“So you think you know me? Can tell the world all of my deepest darkest secrets. With pen in hand, you pour every ounce of my existence onto a page lined in blue. But I have a secret you see. You DON’T know me. Until you walk a mile in my shoes, you have no idea who I am.”
Lavenia Stokes, Read ’em and Reap.
As writers, we learn about our characters as we weave together their tales. With each line on the page, a revelation is made. Truths and lies sit side by side shrouded in shadows until the coming of the light.
There is more to each character than what is poured out onto the page. There is more than one way to learn about who the character is at his or her core. What is it that they believe? What past transgressions keep them from moving forward? What challenge must they face to become the man or woman we portray in our stories?
Walk a mile in your character’s shoes. DO this literally. If your character is visually impaired, get with a friend and spend the day blindfolded. Try to live your life as they live. Does your character have a particular food allergy? Then spend some time shopping for groceries, meticulously reading labels and making selections that help to avoid that allergy.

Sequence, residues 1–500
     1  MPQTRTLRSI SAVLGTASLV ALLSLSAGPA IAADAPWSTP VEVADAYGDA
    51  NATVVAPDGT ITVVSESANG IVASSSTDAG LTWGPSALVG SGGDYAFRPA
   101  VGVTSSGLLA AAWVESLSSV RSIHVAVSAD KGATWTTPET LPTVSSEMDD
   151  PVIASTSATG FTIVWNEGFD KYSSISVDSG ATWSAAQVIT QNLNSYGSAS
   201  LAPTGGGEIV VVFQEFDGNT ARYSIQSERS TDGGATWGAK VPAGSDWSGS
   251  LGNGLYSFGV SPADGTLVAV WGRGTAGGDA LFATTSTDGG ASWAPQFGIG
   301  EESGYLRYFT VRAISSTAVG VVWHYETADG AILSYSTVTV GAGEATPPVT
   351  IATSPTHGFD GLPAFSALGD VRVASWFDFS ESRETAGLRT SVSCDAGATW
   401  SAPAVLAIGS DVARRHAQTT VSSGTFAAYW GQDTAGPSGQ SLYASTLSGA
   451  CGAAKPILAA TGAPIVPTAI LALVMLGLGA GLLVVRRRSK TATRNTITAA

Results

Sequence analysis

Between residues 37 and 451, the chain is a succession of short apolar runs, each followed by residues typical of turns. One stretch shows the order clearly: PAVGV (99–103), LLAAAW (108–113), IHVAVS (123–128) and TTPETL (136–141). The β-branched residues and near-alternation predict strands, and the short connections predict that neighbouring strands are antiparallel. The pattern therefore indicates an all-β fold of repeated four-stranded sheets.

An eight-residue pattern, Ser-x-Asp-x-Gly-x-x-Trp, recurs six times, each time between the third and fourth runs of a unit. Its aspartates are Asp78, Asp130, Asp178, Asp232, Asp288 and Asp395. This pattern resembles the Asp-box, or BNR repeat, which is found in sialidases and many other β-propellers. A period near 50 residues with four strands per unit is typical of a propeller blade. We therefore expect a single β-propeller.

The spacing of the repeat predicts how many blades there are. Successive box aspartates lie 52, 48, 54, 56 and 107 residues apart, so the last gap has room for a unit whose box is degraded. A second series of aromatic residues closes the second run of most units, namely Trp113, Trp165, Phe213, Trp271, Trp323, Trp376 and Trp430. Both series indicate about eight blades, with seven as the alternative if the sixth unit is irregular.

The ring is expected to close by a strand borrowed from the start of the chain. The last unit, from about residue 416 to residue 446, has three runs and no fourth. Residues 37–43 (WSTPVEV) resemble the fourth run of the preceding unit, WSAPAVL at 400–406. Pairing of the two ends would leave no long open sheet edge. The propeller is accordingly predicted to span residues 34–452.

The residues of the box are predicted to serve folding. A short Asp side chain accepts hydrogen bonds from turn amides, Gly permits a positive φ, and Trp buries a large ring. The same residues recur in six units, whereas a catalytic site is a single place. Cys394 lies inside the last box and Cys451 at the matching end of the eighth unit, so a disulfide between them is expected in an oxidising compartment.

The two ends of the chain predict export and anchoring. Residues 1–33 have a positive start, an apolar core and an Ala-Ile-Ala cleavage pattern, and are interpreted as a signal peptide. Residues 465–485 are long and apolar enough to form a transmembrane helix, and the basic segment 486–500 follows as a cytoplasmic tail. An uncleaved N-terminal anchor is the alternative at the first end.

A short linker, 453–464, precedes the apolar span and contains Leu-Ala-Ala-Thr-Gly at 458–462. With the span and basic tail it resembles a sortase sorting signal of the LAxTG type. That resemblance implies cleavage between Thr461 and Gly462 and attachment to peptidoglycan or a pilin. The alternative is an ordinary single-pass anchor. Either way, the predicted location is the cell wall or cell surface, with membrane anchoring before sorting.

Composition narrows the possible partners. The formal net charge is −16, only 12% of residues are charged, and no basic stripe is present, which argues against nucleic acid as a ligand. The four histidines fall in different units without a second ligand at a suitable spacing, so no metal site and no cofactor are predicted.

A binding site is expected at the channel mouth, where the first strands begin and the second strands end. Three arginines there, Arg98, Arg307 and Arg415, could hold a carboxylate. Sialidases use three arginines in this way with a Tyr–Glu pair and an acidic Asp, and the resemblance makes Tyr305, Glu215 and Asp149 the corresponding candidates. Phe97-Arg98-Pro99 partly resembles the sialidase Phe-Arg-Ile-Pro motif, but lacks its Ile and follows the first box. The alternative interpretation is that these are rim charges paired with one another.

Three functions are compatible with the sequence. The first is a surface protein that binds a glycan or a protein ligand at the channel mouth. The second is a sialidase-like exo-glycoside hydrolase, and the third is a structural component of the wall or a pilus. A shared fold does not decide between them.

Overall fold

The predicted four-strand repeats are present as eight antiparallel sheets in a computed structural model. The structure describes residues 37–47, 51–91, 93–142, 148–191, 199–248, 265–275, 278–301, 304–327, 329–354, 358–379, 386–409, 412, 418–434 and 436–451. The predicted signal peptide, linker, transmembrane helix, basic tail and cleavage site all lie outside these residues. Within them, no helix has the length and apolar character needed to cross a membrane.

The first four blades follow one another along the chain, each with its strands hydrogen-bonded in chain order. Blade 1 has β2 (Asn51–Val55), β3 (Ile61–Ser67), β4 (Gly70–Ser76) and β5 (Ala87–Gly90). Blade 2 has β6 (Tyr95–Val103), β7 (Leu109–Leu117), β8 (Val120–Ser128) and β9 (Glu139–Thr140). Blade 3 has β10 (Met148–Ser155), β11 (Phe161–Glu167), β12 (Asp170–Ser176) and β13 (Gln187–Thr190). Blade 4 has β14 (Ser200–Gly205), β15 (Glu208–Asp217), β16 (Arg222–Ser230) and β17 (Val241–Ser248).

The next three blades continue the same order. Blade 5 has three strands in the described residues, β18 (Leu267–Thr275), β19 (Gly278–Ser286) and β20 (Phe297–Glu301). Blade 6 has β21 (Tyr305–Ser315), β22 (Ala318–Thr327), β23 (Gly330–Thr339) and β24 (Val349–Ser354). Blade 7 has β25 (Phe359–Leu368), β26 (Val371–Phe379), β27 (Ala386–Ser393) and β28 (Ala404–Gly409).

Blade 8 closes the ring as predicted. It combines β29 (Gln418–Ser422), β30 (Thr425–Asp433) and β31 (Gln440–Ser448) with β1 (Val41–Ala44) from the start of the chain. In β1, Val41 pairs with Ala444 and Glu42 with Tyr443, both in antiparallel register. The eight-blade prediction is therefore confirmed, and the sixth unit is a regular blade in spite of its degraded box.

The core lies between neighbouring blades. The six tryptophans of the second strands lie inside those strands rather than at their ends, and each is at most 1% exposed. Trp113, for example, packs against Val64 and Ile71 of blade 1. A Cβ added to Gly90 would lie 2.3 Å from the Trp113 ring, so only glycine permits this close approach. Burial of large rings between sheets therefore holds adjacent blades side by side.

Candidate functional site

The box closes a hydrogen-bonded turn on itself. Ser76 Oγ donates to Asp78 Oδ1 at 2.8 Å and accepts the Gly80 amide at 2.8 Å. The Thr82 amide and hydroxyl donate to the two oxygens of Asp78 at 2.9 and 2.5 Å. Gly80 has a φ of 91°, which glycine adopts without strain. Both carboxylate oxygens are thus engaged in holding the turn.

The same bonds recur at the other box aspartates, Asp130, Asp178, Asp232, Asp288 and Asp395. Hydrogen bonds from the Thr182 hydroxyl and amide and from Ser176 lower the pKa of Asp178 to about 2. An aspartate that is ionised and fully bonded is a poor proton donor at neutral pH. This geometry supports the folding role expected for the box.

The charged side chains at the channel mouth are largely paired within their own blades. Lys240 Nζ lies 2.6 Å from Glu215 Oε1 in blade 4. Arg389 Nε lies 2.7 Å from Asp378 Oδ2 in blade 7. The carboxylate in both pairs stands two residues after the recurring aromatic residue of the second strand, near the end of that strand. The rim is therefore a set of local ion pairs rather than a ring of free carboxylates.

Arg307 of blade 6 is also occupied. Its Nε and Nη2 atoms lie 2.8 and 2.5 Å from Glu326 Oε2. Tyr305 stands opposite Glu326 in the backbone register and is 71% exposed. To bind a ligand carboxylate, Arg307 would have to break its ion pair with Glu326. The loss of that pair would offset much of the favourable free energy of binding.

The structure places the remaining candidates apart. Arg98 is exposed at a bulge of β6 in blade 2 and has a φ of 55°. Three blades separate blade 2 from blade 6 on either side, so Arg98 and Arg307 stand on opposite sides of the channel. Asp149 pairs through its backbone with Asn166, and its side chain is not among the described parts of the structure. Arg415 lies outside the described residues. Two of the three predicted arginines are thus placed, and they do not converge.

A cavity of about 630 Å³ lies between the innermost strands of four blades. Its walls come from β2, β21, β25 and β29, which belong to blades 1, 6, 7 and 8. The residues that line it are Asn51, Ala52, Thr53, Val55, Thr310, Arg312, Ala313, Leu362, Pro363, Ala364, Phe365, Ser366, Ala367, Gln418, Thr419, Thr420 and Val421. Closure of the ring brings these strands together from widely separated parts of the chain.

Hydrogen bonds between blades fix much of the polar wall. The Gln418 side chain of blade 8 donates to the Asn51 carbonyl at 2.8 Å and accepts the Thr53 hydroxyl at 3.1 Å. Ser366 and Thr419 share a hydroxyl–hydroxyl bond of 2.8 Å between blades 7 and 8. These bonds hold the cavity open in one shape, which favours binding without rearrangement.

Do some research on the necessary life changes your characters will need to make to deal with the adjustment period and then challenge yourself to make those changes. Keep track of what you experience when dealing with this new situation – sense of calm, frustrations, cravings. Was there something else that took the place of what you gave up? Did you start to use your hearing more when you could not see? Was there a substitute item with a different taste or texture that you’ve discovered you now enjoy?
We place our characters in some challenging positions. Step outside of your comfort zone and connect with your characters on their level. Relate to them in terms of day to day life. Do what it is that they would do (within the law of course). Get others involved in your experiment. Have them play the other side of the coin and observe how they react. Have them attempt to guide you when you cannot see or taste a new recipe without a particular item that for your characters could cause an allergic reaction.
At the end of your walk with your character, go back to your story and see if you have a new perspective on their experience. Is there something you have learned about your character you can now translate into the story?
We all have a story to tell and walking a mile in the shoes of your character can offer a level of authenticity based upon true experience instead of intellectual creation.